Our tours depart from Beijing, start in Pyongyang, and branch out across the country for village visits, nature retreats, or athletic excursions. Our DPRK Weekender and 5-Day Standard tours highlight must-see spots. Our celebration tours are structured around national holidays (Liberation Day, May Day, presidential birthdays) and give tourists a chance to participate in festivities, public dances, and parades. In terms of weather, July is rainy season, August is humid, and May and September are beautiful. Our itineraries are active, but some are more sports-focused. We have biking, hiking, and skiing tours. You can also drink at Pyongyang's top microbreweries, fish along the riverbank, bag a pheasant at a gun range, and road trip to hot spring nirvana in Nampho on our Beer, Fishing, Boats, and Guns Tour. And for a breathtaking experience, we go to the Pyongyang Marathon and huff and puff our way through the capital.
Why is there a whole tour for the Pyongyang Marathon?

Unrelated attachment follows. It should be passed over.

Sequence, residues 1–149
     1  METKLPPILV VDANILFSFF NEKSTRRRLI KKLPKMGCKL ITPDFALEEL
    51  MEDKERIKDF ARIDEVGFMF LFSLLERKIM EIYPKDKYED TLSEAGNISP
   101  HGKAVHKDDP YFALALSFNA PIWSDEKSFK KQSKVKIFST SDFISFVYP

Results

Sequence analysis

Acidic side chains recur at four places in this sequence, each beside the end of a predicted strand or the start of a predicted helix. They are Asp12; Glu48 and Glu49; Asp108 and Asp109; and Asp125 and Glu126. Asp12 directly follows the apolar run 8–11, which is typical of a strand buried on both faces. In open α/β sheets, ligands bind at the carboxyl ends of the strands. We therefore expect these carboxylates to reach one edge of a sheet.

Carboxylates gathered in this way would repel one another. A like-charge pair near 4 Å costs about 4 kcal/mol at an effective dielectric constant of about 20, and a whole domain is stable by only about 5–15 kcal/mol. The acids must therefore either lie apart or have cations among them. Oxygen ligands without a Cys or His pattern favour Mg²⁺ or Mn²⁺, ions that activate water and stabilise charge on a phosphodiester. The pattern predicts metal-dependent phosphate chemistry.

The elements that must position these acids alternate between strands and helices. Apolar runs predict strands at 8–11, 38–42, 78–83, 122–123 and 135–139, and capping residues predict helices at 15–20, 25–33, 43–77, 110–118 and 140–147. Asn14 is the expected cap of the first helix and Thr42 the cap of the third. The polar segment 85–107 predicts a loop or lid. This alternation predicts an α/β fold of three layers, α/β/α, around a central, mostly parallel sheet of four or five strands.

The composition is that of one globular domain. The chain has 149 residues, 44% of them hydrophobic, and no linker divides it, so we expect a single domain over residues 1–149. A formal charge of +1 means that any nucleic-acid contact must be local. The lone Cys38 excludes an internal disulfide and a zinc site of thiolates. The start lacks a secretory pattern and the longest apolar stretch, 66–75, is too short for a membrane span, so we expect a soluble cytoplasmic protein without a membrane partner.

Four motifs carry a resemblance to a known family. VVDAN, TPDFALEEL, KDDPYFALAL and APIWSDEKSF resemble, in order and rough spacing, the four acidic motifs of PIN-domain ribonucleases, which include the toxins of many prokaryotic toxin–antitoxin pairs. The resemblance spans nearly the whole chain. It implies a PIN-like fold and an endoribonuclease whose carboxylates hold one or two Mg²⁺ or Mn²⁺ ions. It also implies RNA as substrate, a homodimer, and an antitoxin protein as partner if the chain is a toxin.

The Mangyondae Prize International Marathon draws runners every April to Pyongyang. The elite race is open to almost all runners, but requires registration through an official DPRK tour operator. Runners interested in racing this year should read the official race rules and enter on our website; we've extended our registration deadline to March 20th to accommodate applicants after the recently lifted ebola travel ban. Professionals must qualify to race for record time in the official marathon; amateurs can enter the marathon, half-marathon, or 10K. Non-runners can watch from the sidelines. All races are tough and must be completed in four hours for time to be recorded. But runners shouldn't sweat it — a bus will pick them up if they fall short, they'll still receive a certificate, and onlookers are very supportive.